Early autopsy reports emphasized the severity of liver disease in patients dying of thyrotoxicosis (43) and described marked hepatic inflammation, steatosis, necrosis, and cirrhosis. It is not clear whether these were a direct effect of thyrotoxicosis or were caused by associated conditions (congestive heart failure, infection, or malnutrition) that can, in themselves, lead to hepatic dysfunction. Hepatic changes seen on light microscopy include vacuolization of hepatocytes, balloon degeneration, nuclear glycogen, and mild portal infiltration of mononuclear cells; electron microscopy reveals subtle ultrastructural changes, including hyperplasia of the smooth endoplasmic reticulum, a paucity of glycogen, and mitochondrial abnormalities (44). These are all nonspecific signs of liver injury. Abnormal liver function tests can often occur in thyrotoxic patients, especially with mild elevations of serum alkaline phosphatase or aminotransferases, with prevalence varying from 15% to 76%; these abnormalities are reversible with correction of the thyrotoxicosis (45,46,47). In patients receiving antithyroid drug therapy, it is important to consider that liver function abnormalities may be drug induced. Propylthiouracil therapy can result in mild elevation in liver enzymes, which is often transient and subclinical (48). Therapy is continued unless fulminant hepatotoxicity develops, which has been reported in a few cases (49). Methimazole therapy may rarely cause cholestasis and fulminant hepatic failure if the drug is continued (49a). Liver test abnormalities and hepatotoxicity occur more frequently in women, and tend to occur 3 to 4 months after therapy is begun. Baseline hepatic function tests are usually not performed before the initiation of propylthiouracil, so the true incidence of hepatotoxicity is not known (50).

Within the context of the generalized hypermetabolic state of thyrotoxicosis, resting metabolic rate and hepatic oxygen consumption increase (51), probably secondary to increased Na+,K+-ATPase activity. Increased hepatic oxygen uptake also has been described, despite normal fructose-6-phosphate and pentose cycling (52). The metabolic impact of thyroid hormone on the liver appears multifactorial, mediated by alterations of insulin-like growth factor homeostasis (53), cytochrome P450 regulation (54), and changes in fatty acid and lipid synthesis (55). Although mitochondrial metabolism is stimulated by thyroid hormone, it has been difficult to establish a clear-cut relationship between mitochondrial metabolism and thyroid function (56,57). Because hepatic blood flow is not increased (58), a combination of relative anoxia and increased metabolic demands develops that may lead to the centrizonal necrosis occasionally seen in severe thyrotoxicosis. A hypermetabolic state may make the liver more susceptible to injury. This has been observed in several experimental and clinical conditions, including ischemia-reperfusion and cold storage (59), drug-induced liver failure (60), and alcoholic hepatitis (61,62,63). Although propylthiouracil has been used clinically in the treatment of alcoholic hepatitis with possible benefit, it has not achieved widespread acceptance as standard therapy among hepatologists.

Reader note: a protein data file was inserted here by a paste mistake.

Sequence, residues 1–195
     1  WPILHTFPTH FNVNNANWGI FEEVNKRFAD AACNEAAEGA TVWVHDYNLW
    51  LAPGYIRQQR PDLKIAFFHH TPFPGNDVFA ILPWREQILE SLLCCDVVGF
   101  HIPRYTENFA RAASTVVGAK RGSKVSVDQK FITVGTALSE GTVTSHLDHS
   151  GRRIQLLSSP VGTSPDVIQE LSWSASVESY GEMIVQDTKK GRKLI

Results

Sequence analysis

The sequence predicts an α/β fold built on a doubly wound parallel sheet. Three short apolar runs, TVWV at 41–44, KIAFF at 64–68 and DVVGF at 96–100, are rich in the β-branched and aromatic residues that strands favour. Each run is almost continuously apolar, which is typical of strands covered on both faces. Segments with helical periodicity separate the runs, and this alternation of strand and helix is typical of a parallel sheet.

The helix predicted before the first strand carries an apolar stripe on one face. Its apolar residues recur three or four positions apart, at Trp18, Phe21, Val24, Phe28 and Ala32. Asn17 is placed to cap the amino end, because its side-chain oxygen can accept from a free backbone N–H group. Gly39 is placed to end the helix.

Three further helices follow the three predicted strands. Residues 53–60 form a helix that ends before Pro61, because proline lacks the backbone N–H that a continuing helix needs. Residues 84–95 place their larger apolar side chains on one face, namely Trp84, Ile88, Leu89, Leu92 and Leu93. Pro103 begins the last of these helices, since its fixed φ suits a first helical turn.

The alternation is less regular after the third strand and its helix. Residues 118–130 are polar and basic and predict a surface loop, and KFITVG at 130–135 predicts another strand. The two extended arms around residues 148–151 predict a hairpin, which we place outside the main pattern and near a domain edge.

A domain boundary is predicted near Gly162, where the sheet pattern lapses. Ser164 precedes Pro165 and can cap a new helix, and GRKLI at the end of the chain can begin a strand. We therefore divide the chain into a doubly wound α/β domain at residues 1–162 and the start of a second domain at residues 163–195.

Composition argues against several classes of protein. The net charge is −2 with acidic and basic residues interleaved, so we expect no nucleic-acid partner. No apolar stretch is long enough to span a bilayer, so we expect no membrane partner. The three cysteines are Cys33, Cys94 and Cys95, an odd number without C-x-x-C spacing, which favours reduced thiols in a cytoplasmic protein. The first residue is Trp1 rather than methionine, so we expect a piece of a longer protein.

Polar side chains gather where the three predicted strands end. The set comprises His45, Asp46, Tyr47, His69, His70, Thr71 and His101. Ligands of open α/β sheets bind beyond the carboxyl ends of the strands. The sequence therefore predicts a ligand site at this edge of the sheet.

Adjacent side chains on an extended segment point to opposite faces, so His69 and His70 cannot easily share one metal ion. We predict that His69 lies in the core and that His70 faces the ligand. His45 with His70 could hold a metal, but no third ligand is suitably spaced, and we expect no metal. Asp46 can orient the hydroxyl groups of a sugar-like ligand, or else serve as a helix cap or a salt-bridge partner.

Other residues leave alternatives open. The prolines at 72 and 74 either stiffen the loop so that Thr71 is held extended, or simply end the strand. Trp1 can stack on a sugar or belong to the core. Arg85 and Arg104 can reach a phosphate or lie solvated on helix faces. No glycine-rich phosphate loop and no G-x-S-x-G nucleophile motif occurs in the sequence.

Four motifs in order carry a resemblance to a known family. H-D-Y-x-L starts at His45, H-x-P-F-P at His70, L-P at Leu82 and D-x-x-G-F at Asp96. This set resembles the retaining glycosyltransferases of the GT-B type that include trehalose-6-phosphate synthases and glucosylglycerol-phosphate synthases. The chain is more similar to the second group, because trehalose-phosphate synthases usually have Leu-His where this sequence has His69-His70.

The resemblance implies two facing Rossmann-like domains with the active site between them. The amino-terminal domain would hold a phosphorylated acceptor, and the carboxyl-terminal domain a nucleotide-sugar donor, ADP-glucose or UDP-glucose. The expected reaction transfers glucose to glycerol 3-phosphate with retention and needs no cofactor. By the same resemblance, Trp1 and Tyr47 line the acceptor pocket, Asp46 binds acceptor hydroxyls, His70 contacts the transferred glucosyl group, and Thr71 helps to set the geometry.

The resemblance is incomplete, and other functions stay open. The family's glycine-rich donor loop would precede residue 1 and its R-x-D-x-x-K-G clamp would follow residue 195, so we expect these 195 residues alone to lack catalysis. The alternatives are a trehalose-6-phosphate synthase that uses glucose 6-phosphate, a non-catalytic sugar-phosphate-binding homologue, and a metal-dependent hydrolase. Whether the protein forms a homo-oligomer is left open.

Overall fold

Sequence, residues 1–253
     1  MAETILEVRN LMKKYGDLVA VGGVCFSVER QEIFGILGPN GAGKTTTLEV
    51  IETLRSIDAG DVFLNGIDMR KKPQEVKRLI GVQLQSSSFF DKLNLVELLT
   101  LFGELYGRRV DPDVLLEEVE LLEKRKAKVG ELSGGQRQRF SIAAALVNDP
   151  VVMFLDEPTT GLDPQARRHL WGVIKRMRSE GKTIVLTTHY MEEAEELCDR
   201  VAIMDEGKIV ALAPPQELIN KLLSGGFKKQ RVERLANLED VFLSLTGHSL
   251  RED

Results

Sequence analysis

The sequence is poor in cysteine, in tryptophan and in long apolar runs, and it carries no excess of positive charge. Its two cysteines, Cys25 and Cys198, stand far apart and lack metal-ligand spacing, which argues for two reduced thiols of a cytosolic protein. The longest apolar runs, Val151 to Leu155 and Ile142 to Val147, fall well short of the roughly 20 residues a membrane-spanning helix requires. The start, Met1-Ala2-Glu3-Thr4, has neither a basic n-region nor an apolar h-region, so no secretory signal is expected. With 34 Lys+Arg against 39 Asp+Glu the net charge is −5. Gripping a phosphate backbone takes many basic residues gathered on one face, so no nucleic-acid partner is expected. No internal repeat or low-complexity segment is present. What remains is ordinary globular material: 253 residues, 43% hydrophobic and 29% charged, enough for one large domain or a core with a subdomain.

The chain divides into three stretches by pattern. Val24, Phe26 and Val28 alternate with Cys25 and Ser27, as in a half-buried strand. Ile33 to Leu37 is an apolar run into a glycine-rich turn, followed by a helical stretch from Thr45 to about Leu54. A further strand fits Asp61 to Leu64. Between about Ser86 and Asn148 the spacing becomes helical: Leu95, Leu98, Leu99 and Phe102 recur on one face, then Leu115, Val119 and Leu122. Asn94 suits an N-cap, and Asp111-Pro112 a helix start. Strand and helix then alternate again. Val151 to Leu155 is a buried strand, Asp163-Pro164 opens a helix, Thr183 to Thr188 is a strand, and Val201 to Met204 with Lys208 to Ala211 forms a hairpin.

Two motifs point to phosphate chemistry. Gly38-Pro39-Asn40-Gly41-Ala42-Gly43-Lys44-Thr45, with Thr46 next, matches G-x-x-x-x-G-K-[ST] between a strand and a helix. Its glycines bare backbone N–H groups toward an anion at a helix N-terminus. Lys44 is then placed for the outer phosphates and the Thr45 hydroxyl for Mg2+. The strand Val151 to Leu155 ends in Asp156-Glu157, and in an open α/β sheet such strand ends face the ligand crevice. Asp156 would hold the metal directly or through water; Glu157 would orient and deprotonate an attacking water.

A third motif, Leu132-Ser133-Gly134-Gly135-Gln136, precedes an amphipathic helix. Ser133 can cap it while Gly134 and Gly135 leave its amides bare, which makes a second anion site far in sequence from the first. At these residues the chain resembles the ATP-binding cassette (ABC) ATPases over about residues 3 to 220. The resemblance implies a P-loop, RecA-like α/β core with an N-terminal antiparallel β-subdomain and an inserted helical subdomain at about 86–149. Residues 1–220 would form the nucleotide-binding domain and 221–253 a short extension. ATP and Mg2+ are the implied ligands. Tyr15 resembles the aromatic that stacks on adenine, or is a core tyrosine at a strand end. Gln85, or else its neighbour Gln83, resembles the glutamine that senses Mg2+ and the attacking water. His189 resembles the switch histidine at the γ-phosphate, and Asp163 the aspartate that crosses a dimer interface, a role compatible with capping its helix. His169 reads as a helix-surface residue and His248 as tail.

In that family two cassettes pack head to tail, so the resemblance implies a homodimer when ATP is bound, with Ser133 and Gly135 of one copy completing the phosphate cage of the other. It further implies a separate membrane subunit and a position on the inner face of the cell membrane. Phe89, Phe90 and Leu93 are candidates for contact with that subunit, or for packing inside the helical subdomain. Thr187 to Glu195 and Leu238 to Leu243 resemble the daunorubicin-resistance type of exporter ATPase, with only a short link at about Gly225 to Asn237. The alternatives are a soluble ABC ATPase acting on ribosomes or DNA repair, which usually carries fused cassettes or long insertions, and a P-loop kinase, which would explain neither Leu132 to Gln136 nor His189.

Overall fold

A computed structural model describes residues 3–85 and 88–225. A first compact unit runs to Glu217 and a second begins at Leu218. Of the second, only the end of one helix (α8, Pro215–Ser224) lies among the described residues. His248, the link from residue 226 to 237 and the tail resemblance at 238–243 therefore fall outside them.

No firm evidence has been found that thyroid hormone is directly toxic to the liver. Therefore, the thyrotoxic patients who present with liver dysfunction require careful investigation for nonthyroidal illness; this investigation frequently results in the detection of an autoimmune disorder because multisystem autoimmune diseases may affect both the liver and the thyroid (64). Perhaps the strongest association exists between lymphocytic thyroiditis and primary biliary cirrhosis (65,66). In a survey of 95 patients with primary biliary cirrhosis, Crowe and colleagues (67) found that 26% had thyroid microsomal antibodies, 16% had thyroglobulin antibodies, and 16% had either clinical or biochemical evidence of hypothyroidism.


The interpretation of concomitant thyroid and liver function abnormalities must take into account the fact that thyroid hormone metabolism is abnormal in severe liver disease. Both the production of thyroxine (T4)-binding globulin (TBG) and the peripheral conversion of T4 to triiodothyronine (T3) may be decreased in patients with chronic liver disease. Conversely, serum TBG concentrations increase in patients with hepatitis, probably due to decreased clearance of TBG secondary to its increased sialic acid content (68). Despite the increased energy expenditure found in cirrhosis (69), most patients with cirrhosis are clinically euthyroid. In patients with chronic hepatitis C, therapeutic administration of interferon-α may precipitate clinical thyroid dysfunction, especially if antithyroid antibodies were present before treatment (70).